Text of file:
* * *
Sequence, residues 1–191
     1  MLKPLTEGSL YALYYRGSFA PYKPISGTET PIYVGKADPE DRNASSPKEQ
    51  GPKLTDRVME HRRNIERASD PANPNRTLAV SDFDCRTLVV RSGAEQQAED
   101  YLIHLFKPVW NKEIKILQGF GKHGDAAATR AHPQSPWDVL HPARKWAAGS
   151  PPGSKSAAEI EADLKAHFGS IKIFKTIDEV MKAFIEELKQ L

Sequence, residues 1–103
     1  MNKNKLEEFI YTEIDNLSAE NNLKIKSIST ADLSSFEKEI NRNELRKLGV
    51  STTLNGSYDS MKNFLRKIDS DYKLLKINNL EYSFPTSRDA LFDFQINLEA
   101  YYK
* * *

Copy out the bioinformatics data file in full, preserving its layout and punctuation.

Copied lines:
Sequence, residues 1–191
     1  MLKPLTEGSL YALYYRGSFA PYKPISGTET PIYVGKADPE DRNASSPKEQ
    51  GPKLTDRVME HRRNIERASD PANPNRTLAV SDFDCRTLVV RSGAEQQAED
   101  YLIHLFKPVW NKEIKILQGF GKHGDAAATR AHPQSPWDVL HPARKWAAGS
   151  PPGSKSAAEI EADLKAHFGS IKIFKTIDEV MKAFIEELKQ L

Sequence, residues 1–103
     1  MNKNKLEEFI YTEIDNLSAE NNLKIKSIST ADLSSFEKEI NRNELRKLGV
    51  STTLNGSYDS MKNFLRKIDS DYKLLKINNL EYSFPTSRDA LFDFQINLEA
   101  YYK